Tax time is on the horizon again, and this year I promise you won’t leave it until the last minute.
There’s nothing more satisfying than getting your tax return prepared ahead of schedule and this year there’s more than one reason to look forward to tax time.
The good news for small business it that the ATO has extended the $20,000 instant asset write-off for equipment expenses for the 2017/2018 financial year.
So, if you’re running a business with an annual turnover of less than $10 million, you can claim individual expenses of up to $20,000 worth of depreciating assets. You can instantly write-off 100 percent of any business-related purchase.
This year it will pay to get your return prepared ahead of time. So what can you do now to get organised? Here’s a shortlist of what to bring to your accountant so he/she can prepare your tax return quickly, efficiently and with the maximum return:
1. Start with last year
A good starting point is last year’s tax return, particularly if you have a new accountant. It should have your personal details, tax file number, income streams, tax offsets, deductions and other relevant information on items previously claimed.
2. Do your research
It’s always worth understanding your tax obligations rather than leaving it all for your accountant. Have a look at the ATO website to get an overview of the tax process.
3. Get organised
If you haven’t started already, from today, right now, start a filing system for your receipts and records of expenses. Better still, use an app to scan and file them digitally, so all you have to do is send the file or a link to your accountant. Even better than that, create a spreadsheet of your expenses to send to your accountant and score maximum brownie points.
4. Cloud accounting
These days all business owners have the option of using a cloud accounting program, and it’s worth looking into using one of these tools to make your tax life more manageable.
Throughout the year, you can regularly plug in your finances so that all you have to do at tax time is pull the relevant reports. You also have the option to give your accountant access to your account, meaning you’ll have even less to do at tax time.
5. Check your accountant’s credentials
Before you go ahead and give your financial details to a new accountant, it’s a good idea to search the Tax Practitioners Board, to make sure they’re registered.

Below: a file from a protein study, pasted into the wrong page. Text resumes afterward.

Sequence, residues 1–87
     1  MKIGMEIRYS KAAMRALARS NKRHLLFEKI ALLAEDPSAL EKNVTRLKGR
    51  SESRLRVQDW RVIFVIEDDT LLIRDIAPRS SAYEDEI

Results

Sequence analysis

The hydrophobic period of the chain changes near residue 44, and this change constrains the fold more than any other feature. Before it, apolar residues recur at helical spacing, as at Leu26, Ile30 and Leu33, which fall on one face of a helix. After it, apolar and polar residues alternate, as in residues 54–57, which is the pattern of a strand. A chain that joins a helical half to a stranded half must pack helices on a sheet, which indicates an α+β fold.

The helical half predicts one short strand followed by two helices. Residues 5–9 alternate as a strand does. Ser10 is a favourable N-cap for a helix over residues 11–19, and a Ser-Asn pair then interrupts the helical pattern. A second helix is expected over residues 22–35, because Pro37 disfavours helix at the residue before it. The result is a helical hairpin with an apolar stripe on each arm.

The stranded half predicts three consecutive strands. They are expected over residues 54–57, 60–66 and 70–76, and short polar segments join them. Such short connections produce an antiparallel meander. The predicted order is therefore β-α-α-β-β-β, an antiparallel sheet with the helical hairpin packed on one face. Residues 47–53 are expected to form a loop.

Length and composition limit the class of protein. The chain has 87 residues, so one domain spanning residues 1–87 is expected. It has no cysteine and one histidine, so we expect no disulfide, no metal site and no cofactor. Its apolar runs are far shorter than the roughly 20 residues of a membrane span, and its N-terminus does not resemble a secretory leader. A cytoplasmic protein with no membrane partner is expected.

6. Prepare details of your income
Depending on the size and type of your business, according to this article from MYOB, you’ll need to prepare details of all or some of the following:
- PAYG Summaries from employees
- Lump sum termination payments
- Bank interest
- Distributions from trusts, partnerships, managed super funds
- Superannuation lump sum payments
- Allowances (car, travel, entertainment, meals etc.)
- Pensions and allowances
- Foreign income
- Capital gains
- Personal services income
- Net income/loss from business
- Rental income
7. Prepare details of expenses
As mentioned above, if you’re a small business, you can purchase up to $20,000 of assets before tax is payable. Although this isn’t an excuse to go crazy, it’s a good time to think about what will benefit your business – for example a new vehicle, updated computers or a spruce up of your decor.
Other expenses include:
- Motor vehicle expenses based on business use percentage (include your log book if applicable)
- Travel and accommodation information – domestic and overseas
- Work uniforms and other clothing expenses
- Courses, education and seminars
- Employee costs
- Superannuation contributions
- Rent/lease payments
- Dividend deductions
- Bank fees
- Low-value pool deductions/depreciation
- Telephone and internet costs
- Freight and transport costs
- Utilities – electricity, gas, water
- Legal and accounting fees
- Charitable donations
- Income protection insurance
8. Extra documents
Finally, there are the usual tax documents to prepare which are the same every year.
- Lease, hire purchase, chattel mortgage or other loan agreements with your business
- Business Activity Statements and Instalment Activity Statements and working papers
- Stock valuation figure after performing your 30 June stocktake.
9. Incentives and deductions
With all the above information, you and your accountant can figure out if you’re entitled to any tax incentives and deductions. For example, if you work from home, you may be eligible to claim back some of your rent or mortgage, and electricity. Check the ATO website to see your entitlements.
Follow the steps above you’ll be ahead of the game long before your return is due. Your accountant will be able to process your return quickly, getting any rebate back to you sooner. Congratulations! You’re done for another 12 months.